Nose & Hearing Protection

One in 10 Americans has a hearing loss that affects his or her ability to understand normal speech. Age-related hearing loss is the most common cause of this condition and is more prevalent than hearing loss caused by excessive noise exposure. However, exposure to excessive noise can damage hearing, and it is important to understand the effects of this kind of noise, particularly because such exposure is avoidable.

What causes hearing loss?

The ear has three main parts: the outer, middle, and inner ear. The outer ear (the part you can see) opens into the ear canal. The eardrum separates the ear canal from the middle ear. Small bones in the middle ear help transfer sound vibrations to the inner ear. Here, the vibrations become nerve impulses, which the brain interprets as music, a slamming door, a voice, and so on.

When noise is too loud, it begins to kill the nerve endings in the inner ear. Prolonged exposure to loud noise destroys nerve endings. As the number of nerve endings decreases, so does your hearing. There is no way to restore life to dead nerve endings; the damage is permanent. The longer you are exposed to a loud noise, the more damaging it may be. Also, the closer you are to the source of intense noise, the more damaging it is.

How can I tell if a noise is dangerous?

People differ in their sensitivity to noise. As a general rule, noise may damage your hearing if you are at arm’s length and have to shout to make yourself heard. If noise is hurting your ears, your ears may ring, or you may have difficulty hearing for several hours after exposure to the noise. Noise is characterized by intensity, measured in decibels; pitch, measured in hertz or kilohertz; and duration.

Can noise affect more than my hearing?

A ringing in the ears, called tinnitus, commonly occurs after noise exposure, and often becomes permanent. Some people react to loud noise with anxiety and irritability, an increase in pulse rate and blood pressure, or an increase in stomach acid. Very loud noise can reduce efficiency in performing difficult tasks by diverting attention from the job.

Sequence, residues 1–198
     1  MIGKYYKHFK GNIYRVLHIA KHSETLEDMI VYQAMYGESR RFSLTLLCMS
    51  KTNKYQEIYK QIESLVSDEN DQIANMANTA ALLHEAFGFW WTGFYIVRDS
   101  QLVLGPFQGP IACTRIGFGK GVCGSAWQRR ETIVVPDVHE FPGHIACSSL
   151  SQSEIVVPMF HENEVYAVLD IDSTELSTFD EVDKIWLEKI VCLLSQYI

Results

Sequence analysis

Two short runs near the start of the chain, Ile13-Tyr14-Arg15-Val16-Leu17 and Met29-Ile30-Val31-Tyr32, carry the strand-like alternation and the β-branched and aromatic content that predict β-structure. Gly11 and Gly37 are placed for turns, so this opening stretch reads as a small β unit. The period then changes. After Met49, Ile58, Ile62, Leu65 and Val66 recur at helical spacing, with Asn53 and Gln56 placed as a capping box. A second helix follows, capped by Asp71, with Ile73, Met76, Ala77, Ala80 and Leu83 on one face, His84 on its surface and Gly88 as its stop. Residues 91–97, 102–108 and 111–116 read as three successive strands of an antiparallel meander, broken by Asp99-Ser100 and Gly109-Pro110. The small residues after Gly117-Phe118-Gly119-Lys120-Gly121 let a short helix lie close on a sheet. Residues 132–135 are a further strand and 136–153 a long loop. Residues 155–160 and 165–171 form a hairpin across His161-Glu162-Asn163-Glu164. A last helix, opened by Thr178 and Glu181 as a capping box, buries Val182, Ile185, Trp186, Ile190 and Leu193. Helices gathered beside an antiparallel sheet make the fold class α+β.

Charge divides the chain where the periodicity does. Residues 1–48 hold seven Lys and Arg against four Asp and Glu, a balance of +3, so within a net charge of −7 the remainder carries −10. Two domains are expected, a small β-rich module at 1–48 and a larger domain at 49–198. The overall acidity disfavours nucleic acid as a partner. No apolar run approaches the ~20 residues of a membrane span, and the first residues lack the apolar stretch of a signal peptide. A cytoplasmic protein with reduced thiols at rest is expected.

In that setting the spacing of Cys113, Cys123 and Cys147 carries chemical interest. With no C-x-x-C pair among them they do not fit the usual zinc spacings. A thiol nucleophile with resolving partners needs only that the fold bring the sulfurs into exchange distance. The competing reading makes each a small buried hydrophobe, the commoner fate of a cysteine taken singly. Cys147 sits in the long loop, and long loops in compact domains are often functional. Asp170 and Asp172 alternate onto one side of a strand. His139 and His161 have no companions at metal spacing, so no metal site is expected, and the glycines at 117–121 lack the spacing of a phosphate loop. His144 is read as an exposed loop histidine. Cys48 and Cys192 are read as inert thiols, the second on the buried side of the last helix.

How can I protect myself against noise?

Wear hearing protectors, especially if you must work in an excessively noisy environment. You should also wear them when using power tools, noisy yard equipment, or firearms, or riding a motorcycle or snowmobile. Hearing protectors come in two forms: earplugs and earmuffs.

Earplugs are small inserts that fit into the outer ear canal. They must be sealed snugly so the entire circumference of the ear canal is blocked. An improperly fitted, dirty, or worn-out plug may not seal properly and can result in irritation of the ear canal. Plugs are available in a variety of shapes and sizes to fit individual ear canals and can be custom-made. For people who have trouble keeping them in their ears, the plugs can be fitted to a headband.

Earmuffs fit over the entire outer ear to form an air seal so the entire circumference of the ear canal is blocked, and they are held in place by an adjustable band. Earmuffs will not seal around eyeglasses or long hair, and the adjustable headband tension must be sufficient to hold earmuffs firmly in place.

Earplugs and earmuffs can be found at most pharmacies.

Will I hear other people and machine problems if I wear hearing protectors?